Tracing Your Female Ancestors Volume II continues the success of our first volume with all new articles that reveal more research resources and strategies for finding your elusive female ancestors. Compiled by Gena Philibert-Ortega, with additional articles by Lisa Alzo, Jean Wilcox Hibben and Tammy Hepps, this exciting new issue includes: It's All in the Search; 10 Unusual Sources for Finding Female Ancestors, 50+ Online Resources for Female Research; Migration of Females to America; Researching Jewish Female Ancestors; 10 Ways to Tell Your Ancestors' Stories; Women in City Directories; Google Tools for Finding Female Ancestors; Finding Your Femmes Fatales; The FamilySearch Catalog and Your Female Ancestor and much more!
68-pages, magazine format, hi-gloss cover
Print Edition - $9.95 plus $4.50 shipping/handling.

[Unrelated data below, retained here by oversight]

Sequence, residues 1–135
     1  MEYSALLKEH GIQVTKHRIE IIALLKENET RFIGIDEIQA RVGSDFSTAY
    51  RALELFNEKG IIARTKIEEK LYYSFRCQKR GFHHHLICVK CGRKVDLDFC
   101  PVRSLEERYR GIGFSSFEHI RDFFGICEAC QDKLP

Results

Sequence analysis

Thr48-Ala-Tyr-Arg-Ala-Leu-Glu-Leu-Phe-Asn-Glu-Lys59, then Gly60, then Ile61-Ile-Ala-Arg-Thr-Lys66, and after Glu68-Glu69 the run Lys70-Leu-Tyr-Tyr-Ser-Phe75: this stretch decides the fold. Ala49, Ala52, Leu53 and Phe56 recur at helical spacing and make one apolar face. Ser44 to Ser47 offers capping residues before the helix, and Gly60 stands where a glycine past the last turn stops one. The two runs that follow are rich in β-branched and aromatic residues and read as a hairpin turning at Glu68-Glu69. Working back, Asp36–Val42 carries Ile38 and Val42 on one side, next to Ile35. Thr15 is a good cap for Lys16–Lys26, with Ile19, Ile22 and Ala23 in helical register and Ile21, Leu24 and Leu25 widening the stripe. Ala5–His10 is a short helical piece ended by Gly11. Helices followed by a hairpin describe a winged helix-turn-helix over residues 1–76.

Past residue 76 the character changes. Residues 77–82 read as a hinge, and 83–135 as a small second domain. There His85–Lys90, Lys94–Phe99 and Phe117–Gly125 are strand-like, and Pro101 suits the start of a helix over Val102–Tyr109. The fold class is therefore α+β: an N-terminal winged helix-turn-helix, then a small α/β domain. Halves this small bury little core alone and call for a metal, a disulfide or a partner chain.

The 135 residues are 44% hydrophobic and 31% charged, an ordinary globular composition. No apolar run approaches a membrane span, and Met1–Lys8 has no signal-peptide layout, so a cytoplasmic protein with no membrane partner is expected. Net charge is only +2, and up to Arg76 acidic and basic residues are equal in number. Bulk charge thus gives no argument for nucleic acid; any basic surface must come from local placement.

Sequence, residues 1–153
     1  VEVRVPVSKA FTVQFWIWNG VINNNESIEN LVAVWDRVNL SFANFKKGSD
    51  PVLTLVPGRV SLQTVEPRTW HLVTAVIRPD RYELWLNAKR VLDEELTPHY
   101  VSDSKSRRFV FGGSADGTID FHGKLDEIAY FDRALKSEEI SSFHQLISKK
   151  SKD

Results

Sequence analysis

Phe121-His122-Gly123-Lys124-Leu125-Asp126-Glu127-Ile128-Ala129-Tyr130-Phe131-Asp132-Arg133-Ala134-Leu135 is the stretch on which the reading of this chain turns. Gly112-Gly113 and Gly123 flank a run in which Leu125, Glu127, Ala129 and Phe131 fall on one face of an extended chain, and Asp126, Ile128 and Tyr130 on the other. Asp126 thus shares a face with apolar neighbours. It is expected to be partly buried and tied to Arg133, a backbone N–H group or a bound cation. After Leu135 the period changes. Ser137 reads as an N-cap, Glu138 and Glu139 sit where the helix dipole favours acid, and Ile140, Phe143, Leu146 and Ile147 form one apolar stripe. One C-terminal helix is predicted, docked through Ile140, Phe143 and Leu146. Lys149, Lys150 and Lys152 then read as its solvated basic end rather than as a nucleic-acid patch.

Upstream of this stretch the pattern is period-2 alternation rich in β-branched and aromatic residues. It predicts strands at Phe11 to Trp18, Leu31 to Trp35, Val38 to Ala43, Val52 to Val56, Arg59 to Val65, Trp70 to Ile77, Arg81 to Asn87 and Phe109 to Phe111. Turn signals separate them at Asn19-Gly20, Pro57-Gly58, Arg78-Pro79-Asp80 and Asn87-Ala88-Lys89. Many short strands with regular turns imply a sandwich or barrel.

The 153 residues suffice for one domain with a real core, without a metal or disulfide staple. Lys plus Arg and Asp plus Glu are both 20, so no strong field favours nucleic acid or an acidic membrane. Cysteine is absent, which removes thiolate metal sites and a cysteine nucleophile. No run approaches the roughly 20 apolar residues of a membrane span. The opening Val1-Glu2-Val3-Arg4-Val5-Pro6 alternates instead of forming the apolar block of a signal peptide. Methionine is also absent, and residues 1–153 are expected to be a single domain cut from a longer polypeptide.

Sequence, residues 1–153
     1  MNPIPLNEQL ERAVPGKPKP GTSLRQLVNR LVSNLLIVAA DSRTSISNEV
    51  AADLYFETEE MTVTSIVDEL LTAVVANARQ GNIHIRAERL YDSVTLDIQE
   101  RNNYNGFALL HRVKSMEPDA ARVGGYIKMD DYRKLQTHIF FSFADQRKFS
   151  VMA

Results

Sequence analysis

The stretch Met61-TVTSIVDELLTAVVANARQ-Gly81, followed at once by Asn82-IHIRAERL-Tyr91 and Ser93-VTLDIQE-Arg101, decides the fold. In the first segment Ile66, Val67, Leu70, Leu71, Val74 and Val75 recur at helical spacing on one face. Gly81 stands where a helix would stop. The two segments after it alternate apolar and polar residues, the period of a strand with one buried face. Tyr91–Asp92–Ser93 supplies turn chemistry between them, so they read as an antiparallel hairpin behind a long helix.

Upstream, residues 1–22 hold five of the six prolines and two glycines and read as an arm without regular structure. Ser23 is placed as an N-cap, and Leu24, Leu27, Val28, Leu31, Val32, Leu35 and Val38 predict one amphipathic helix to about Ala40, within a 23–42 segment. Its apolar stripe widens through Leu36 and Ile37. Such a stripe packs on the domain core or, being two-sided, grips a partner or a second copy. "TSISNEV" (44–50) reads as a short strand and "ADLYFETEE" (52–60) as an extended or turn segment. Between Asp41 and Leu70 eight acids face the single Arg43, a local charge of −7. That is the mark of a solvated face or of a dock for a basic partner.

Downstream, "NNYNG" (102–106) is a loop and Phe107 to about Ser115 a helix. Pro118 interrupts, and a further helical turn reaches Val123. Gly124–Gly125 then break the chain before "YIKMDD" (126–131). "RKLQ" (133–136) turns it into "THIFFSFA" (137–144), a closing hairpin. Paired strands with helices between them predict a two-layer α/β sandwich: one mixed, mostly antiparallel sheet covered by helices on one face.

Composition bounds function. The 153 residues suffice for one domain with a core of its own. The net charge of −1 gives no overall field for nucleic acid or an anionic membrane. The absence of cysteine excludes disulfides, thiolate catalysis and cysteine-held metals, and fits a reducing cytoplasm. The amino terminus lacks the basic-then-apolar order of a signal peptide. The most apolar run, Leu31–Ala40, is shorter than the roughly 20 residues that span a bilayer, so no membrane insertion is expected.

PDF Edition - $8.50 (the file will be sent via email) 

Click here to order from the Internet Genealogy website. At checkout enter the code:


You can also order both issues as a bundle a special price and use the code to save 20%.  Click here to learn more.

These special issues will give you plenty of resources for finding your elusive female ancestors.

Copyright 2015, Lisa A. Alzo
All Rights Reserved

[Disclosure:  I am a paid freelance writer for Internet Genealogy I have contributed two articles for Volume II of the Tracing Your Female Ancestors Special Issue]